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10 April 2014 11:44 am ,
Vol. 344 ,
The Pyrenean ibex, an impressive mountain goat that lived in the central Pyrenees in Spain, went extinct in 2000. But a...
Tight budgets are forcing NASA to consider turning off one or more planetary science projects that have completed their...
Ebola is not a stranger to West Africa—an outbreak in the 1990s killed chimpanzees and sickened one researcher. But the...
In an as-yet-unpublished report, an international panel of geoscientists has concluded that a pair of deadly...
Tropical disease experts tried and failed before to eradicate yaws, a rare disfiguring disease of poor countries. Now,...
Since 2002, researchers have reported that agricultural communities in the hot and humid Pacific Coast of Central...
Balkan endemic kidney disease surfaced in the 1950s and for decades defied attempts to finger the cause. It occurred...
- 10 April 2014 11:44 am , Vol. 344 , #6180
- About Us
22 September 1999 8:00 pm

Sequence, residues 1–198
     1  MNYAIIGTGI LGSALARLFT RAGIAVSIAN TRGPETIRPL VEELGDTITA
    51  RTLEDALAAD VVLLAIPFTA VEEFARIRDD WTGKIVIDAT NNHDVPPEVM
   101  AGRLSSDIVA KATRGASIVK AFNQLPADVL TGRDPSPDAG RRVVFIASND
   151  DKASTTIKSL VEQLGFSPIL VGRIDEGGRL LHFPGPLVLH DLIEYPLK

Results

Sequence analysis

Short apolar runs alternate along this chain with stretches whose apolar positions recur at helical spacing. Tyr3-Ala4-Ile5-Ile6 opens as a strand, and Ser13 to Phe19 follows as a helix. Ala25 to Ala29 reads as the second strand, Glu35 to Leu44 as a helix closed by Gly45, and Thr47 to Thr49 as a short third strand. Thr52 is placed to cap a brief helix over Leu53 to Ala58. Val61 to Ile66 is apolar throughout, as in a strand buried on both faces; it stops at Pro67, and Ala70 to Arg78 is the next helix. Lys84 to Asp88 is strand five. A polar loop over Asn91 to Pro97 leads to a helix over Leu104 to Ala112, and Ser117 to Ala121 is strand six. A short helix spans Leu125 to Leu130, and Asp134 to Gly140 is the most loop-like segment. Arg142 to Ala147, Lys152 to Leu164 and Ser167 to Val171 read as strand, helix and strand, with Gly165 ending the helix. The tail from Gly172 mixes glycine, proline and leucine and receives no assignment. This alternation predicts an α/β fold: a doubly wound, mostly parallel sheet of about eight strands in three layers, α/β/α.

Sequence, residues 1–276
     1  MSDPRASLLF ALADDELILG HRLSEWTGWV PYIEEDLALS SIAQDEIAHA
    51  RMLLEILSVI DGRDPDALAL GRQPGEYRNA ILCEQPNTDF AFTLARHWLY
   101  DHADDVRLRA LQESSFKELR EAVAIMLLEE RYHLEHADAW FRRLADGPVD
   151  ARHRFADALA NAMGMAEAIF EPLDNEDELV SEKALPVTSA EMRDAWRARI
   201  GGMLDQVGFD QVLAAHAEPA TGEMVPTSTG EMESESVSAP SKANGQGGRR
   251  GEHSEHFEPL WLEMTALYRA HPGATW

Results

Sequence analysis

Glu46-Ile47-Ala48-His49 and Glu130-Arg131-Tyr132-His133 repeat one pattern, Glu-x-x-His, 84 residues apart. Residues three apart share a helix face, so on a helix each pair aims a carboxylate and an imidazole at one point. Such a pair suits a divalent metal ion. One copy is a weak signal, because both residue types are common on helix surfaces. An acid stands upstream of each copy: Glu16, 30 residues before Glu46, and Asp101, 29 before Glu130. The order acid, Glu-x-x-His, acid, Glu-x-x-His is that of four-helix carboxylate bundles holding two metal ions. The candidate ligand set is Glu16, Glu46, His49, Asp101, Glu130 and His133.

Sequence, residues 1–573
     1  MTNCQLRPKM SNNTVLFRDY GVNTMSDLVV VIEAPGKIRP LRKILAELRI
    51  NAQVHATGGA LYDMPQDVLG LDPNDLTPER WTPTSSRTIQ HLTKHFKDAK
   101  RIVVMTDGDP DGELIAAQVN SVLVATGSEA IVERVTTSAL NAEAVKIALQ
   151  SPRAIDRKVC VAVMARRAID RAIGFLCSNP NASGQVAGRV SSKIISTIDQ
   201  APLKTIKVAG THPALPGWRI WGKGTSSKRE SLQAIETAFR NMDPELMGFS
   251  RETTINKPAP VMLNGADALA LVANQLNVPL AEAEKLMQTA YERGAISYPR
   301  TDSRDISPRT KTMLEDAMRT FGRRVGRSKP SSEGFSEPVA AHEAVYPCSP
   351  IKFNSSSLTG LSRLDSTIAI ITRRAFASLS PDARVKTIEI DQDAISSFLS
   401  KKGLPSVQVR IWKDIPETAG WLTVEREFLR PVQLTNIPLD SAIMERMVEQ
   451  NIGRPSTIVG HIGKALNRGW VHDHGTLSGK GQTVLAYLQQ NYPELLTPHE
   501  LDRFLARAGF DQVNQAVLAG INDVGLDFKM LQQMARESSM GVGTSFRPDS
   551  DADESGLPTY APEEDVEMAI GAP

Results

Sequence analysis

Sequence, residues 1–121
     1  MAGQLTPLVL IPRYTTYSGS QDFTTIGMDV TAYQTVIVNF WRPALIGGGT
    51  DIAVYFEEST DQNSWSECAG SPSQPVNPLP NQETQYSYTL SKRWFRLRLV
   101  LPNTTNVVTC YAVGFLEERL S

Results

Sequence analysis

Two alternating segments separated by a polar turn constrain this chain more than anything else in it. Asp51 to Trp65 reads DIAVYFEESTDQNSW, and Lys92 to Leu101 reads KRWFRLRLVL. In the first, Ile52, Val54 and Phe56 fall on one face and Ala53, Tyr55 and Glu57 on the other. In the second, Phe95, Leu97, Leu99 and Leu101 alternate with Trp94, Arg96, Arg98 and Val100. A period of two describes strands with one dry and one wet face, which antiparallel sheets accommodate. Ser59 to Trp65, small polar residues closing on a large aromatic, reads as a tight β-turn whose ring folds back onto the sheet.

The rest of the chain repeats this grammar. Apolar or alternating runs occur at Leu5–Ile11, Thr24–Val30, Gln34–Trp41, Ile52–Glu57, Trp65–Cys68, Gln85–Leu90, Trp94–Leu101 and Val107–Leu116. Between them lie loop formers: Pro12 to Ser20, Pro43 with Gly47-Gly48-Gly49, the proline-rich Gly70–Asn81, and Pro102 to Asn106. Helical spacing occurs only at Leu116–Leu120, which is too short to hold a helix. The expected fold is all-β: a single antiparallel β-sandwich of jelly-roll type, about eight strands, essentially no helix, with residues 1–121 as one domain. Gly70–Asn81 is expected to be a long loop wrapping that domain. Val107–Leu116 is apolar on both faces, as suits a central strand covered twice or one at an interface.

On this day in 1791, Michael Faraday, a renowned English physical chemist and popularizer of science, was born. Faraday is considered the most brilliant experimentalist of the 1800s for his important discoveries about the fundamental nature of magnetism, electricity, and light. Faraday's basic laws of electrolysis, put forth in 1834, established the link between electricity and chemical reactions. Faraday is also credited with the discovery of electromagnetic induction--the basis of the electric motor--and the transformer, and with building the first electric generator. In 1846 he came up with a bold new electromagnetic theory of light that set the stage for further revelations by Albert Einstein.
[Source: Roy Porter, Ed., The Biographical Dictionary of Scientists (Oxford University Press, ed. 2, 1994).]